Europe

Migrant crisis: Merkel upbeat on integration despite tensions

  • 26 October 2015
  • From the section Europe
Migrants at Austria-Germany border near Passau, 26 Oct 15 Image copyright EPA
Image caption Migrants heading to Germany from Austria: The crowds have put border crossings under great strain

Chancellor Angela Merkel has tried to reassure Germans that the country can integrate the many refugees putting local authorities under pressure.

"There are very, very many, but there are 80 million of us," she told residents of Nuremberg, Bavaria. "We can and will manage this integration."

She urged Germans to get to know the newcomers "as much as possible".

In Freiberg, eastern Germany, several hundred demonstrators tried to block buses carrying migrants late on Sunday.

Police managed to clear the crowd away, but there were scuffles and firecrackers were thrown at the convoy, which was carrying about 700 migrants, Germany's ARD TV reported.

Meanwhile, the authorities in Passau - a major Bavarian transit hub for asylum seekers - said they had been overwhelmed by a new influx of some 15,000 people who arrived from Austria at the weekend.

Several hundred spent a night out in the cold on the Austrian side of the border before reaching Germany, as the Austrian authorities said they had run out of beds for them.

Passau has now urged Berlin to send extra federal police and soldiers to help look after the migrants. Many of them are refugees from the conflicts in Syria, Iraq and Afghanistan.

'Stricter' on deportation

Germany expects at least 800,000 asylum seekers this year - some estimates put it as high as 1.5 million. That is at least four times the number who arrived last year.

Speaking in Nuremberg, Ms Merkel said failed asylum seekers must be sent back more systematically, and "on this we must be much stricter".

She was referring especially to migrants from Western Balkan countries such as Kosovo and Albania, now considered safe by the German authorities.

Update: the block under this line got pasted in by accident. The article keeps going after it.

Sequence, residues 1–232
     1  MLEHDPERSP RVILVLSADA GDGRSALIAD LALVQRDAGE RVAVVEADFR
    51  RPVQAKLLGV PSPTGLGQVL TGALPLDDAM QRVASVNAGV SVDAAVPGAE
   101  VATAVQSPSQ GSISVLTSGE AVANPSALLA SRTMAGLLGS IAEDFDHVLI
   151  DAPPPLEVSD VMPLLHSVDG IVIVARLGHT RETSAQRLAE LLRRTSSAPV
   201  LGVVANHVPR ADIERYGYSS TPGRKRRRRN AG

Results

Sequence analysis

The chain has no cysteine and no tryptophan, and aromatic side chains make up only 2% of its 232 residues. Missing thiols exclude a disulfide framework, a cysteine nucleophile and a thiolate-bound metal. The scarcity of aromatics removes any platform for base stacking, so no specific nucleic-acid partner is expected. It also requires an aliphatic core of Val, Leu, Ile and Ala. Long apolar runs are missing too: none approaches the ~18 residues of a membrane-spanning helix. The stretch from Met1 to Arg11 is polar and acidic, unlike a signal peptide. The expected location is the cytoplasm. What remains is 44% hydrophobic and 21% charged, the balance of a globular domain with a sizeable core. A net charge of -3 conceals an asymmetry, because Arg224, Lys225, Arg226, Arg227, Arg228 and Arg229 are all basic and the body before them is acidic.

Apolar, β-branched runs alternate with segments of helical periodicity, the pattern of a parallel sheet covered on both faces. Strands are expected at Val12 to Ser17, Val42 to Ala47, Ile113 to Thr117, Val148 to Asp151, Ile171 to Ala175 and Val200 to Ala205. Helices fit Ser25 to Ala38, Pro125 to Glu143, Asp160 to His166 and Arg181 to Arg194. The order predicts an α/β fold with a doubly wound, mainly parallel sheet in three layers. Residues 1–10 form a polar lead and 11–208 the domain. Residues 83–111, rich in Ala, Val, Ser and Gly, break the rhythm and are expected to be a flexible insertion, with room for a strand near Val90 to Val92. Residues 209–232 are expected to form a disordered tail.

But an official German report leaked on Sunday recommends that the federal authorities also send back many more Afghans than previously.

Only about half of the Afghans reaching Germany qualify for asylum, but few have been repatriated. The authorities are concerned because they are the biggest and fastest-growing group after Syrians.

Image copyright EPA
Image caption Thousands of migrants are walking into Slovenia daily from Croatia in cold, wet weather

Slovenia's police said on Monday that nearly 10,000 migrants had arrived from Croatia in the past 24 hours. In total almost 75,000 have entered the tiny Alpine country in the past 12 days.

Joint measures

The United Nations has welcomed an agreement between European Union and Balkan leaders to control the flow of migrants heading for northern Europe.

The heads of 11 EU states and three non-EU countries agreed to provide another 100,000 spaces in refugee reception centres.

But the EU neighbours in Central Europe and the Balkans have exchanged angry accusations in the current crisis.

The UN High Commission for Refugees says 157,000 migrants have arrived in Greece so far this month - more than in any month this year. The European Commission is offering additional aid to Greece to deal with the crisis.

A note on terminology: The BBC uses the term migrant to refer to all people on the move who have yet to complete the legal process of claiming asylum. This group includes people fleeing war-torn countries such as Syria, who are likely to be granted refugee status, as well as people who are seeking jobs and better lives, who governments are likely to rule are economic migrants.